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She’s Got Legs! What You Can Do About Leggy Seedlings

Photo courtesy of royalqueenseeds.com
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Joe Veldon 7 Jun 2019

It’s that time of the year and cannabis seeds are being started all over our wonderful state.

It all starts when water meets the seed coat and germination begins. In a couple of days the cotyledon emerges from soil and the plant begins to grow towards the light.

The cotyledon are those two round leaves that first appear on top of the stalk. At this point the stalk is this thin stick of fleshy plant material. It’s quite delicate,  green and grey in color – or sometimes with a purplish hue – and is responsible for holding up the emerging leaf sets. 

During this time, it’s important to understand that the root system is developing below the surface and that all this growth, both above and below the surface is sustained by the initial food source in the cotyledon. 

Cannabis starts need more than a South-facing window, especially during a spring like we’ve had.

It’s not until the first few sets of true leaves appear that the plant is able to generate enough energy to sustain itself.  Until that happens, usually with in a couple of weeks, that plant is at it’s most vulnerable. The plant tissue is delicate, it’s relying on the food sources in the cotyledon, and needs lots of light to thrive. 

I write this because I’ve run into lots of folks who are having issues with their starts at this critical stage; after the cotyledon has emerged but before it has enough leaf material to sustain itself. And everyone’s having the same problem – their plants are veeerrryyy leeeegggy!

Photo courtesy of growweedeasy.com

This is a direct result of them not getting enough light. The weather this spring has not been too sunny – which is what I attribute to this uptick in leggy plants.

They’re getting some light, just not enough,  and that’s causing them to reach as far as they can for the light they do have.

The result is a plant start that has a long, thin stalk and the cotyledon and the first set of true leaves precariously perched at the top. This creates a top-heavy plant with the thin stalk, inadequate to the task of supporting the whole plant.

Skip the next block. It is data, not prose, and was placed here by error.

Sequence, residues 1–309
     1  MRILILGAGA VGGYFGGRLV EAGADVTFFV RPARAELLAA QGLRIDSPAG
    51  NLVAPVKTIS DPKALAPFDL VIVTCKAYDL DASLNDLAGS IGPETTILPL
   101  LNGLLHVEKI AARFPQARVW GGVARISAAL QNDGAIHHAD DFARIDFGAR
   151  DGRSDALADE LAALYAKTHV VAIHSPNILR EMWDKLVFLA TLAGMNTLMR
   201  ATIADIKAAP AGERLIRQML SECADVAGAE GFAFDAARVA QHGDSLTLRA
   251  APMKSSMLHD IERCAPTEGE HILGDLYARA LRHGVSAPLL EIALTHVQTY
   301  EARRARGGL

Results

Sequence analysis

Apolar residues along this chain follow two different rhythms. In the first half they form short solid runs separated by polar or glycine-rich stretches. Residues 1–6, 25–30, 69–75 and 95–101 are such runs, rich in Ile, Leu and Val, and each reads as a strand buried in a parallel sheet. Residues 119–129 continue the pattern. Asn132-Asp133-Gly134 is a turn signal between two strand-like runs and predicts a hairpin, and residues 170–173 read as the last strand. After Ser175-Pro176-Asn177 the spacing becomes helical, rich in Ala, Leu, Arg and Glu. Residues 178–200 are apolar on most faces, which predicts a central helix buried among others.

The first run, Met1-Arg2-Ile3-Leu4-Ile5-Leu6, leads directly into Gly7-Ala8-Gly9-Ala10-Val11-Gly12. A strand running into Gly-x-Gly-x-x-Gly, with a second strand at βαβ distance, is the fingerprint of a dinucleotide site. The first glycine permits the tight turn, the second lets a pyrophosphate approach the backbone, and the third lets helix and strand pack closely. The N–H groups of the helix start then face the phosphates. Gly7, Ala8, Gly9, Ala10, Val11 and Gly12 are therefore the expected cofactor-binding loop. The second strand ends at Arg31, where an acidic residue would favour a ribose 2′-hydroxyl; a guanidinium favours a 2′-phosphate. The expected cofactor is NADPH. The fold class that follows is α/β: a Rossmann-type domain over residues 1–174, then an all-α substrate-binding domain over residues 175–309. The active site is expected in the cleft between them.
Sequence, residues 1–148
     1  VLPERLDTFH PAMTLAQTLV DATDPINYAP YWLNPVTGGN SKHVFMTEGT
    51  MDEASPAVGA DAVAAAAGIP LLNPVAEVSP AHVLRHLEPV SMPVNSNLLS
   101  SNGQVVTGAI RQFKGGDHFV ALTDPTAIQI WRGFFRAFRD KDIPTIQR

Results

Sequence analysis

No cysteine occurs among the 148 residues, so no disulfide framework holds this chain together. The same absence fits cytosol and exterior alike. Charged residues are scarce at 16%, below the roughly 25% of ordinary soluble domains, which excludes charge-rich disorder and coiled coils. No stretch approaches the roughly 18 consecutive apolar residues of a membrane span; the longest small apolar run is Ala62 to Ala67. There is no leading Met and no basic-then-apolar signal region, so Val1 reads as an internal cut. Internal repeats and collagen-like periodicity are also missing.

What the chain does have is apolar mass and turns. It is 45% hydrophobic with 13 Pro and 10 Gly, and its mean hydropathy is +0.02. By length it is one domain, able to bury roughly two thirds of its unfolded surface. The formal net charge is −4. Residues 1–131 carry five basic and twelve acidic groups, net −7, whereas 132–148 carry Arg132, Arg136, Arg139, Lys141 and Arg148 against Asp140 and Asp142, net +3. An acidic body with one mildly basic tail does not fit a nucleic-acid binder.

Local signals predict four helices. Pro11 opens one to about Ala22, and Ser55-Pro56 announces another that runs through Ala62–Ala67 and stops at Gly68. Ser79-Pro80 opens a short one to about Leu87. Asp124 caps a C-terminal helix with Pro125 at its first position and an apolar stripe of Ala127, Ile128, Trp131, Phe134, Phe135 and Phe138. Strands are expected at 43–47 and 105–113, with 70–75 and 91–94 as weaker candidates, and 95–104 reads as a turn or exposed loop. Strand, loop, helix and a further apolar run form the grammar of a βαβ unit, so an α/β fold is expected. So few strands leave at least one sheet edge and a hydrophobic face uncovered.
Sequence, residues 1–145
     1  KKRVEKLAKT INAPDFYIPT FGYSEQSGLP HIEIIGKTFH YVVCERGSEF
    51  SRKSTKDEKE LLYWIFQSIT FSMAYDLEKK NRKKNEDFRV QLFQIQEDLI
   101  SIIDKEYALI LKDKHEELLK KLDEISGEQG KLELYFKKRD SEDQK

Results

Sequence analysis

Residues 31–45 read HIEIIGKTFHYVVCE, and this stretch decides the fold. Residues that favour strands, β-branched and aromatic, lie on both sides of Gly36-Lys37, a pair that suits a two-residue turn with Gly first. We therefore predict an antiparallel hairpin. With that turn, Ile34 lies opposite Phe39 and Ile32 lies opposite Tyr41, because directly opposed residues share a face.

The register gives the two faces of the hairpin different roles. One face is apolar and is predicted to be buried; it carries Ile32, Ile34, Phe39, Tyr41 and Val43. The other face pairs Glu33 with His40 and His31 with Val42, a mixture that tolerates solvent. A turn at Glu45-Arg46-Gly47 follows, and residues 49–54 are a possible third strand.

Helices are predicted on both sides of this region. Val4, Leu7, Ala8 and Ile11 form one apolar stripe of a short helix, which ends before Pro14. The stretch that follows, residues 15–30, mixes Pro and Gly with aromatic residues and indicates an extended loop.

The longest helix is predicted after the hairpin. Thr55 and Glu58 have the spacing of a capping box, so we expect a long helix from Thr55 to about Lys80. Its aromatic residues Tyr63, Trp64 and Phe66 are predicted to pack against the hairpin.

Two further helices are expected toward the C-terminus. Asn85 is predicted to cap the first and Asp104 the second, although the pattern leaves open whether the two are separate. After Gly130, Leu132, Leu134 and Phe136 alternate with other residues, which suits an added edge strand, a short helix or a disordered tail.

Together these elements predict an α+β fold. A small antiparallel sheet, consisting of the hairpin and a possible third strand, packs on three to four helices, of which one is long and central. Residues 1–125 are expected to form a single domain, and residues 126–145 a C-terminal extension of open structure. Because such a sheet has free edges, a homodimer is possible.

Leggy plants also have a few other things working against them. They’re burning through the food reserves in the cotyledon at a faster rate than is sustainable.

Because the stalk is stretched out, it takes more energy to transport the food to the different parts of the plants.

And, because the stalk is stretched out, it takes more energy to transport the food to the different parts of the plants.

Cannabis starts need more than a south facing window, especially during a spring like we’ve had. If you don’t have a greenhouse I recommend starting your cannabis starts indoors under artificial lighting. You’ll want to check on the amount of lumens your lighting puts out, and you want to make sure all the light is in the blue range.

A regular old fluorescent shop bulb will work but you’ll get better results using the newer T5 bulbs. These lights put out very little heat, and draw little energy making them ideal for this type of cultivation. These bulbs and fixtures are not expensive, and readily available at your favorite grow store – or they should be! 

You’ll want to hang that light so that it’s adjustable. As the seeds sprout, you want to keep the light between 3”-5” above the uppermost leaves. So as the plant grows, make sure the plant height from the light remains the same.

The last thing I do when starting seeds is to have a small fan, mine is 3”, blowing gently on them. This will get them used to breezes and helps make that thin stalk stronger.

So, what can you do with those leggy starts you already have?  Well – throw them away!  Just kidding. But you will need to give them extra care to see them through to their next stage of growth.

First, prevent your baby plant from falling over. I’ve used paper clips as well as toothpicks and wire in the past to create a support for the stalk.  They work well as they can be inserted into the soil right next to the stalk. Once they’re supported, make sure all of your other inputs – such as temperature, air movement, and humidity are all correct.

I usually transplant seedlings into a 4” pot as soon as the root ball starts circling about in the cell, which will also provide added support. That means you’ll want to plant these starts deep –  all the way up to where the cotyledon begins. 

Once at home in their new pots, I give my plants a blast of starter fertilizer. That should help them get a little more rugged, and ready to to begin the next stage of their journey.

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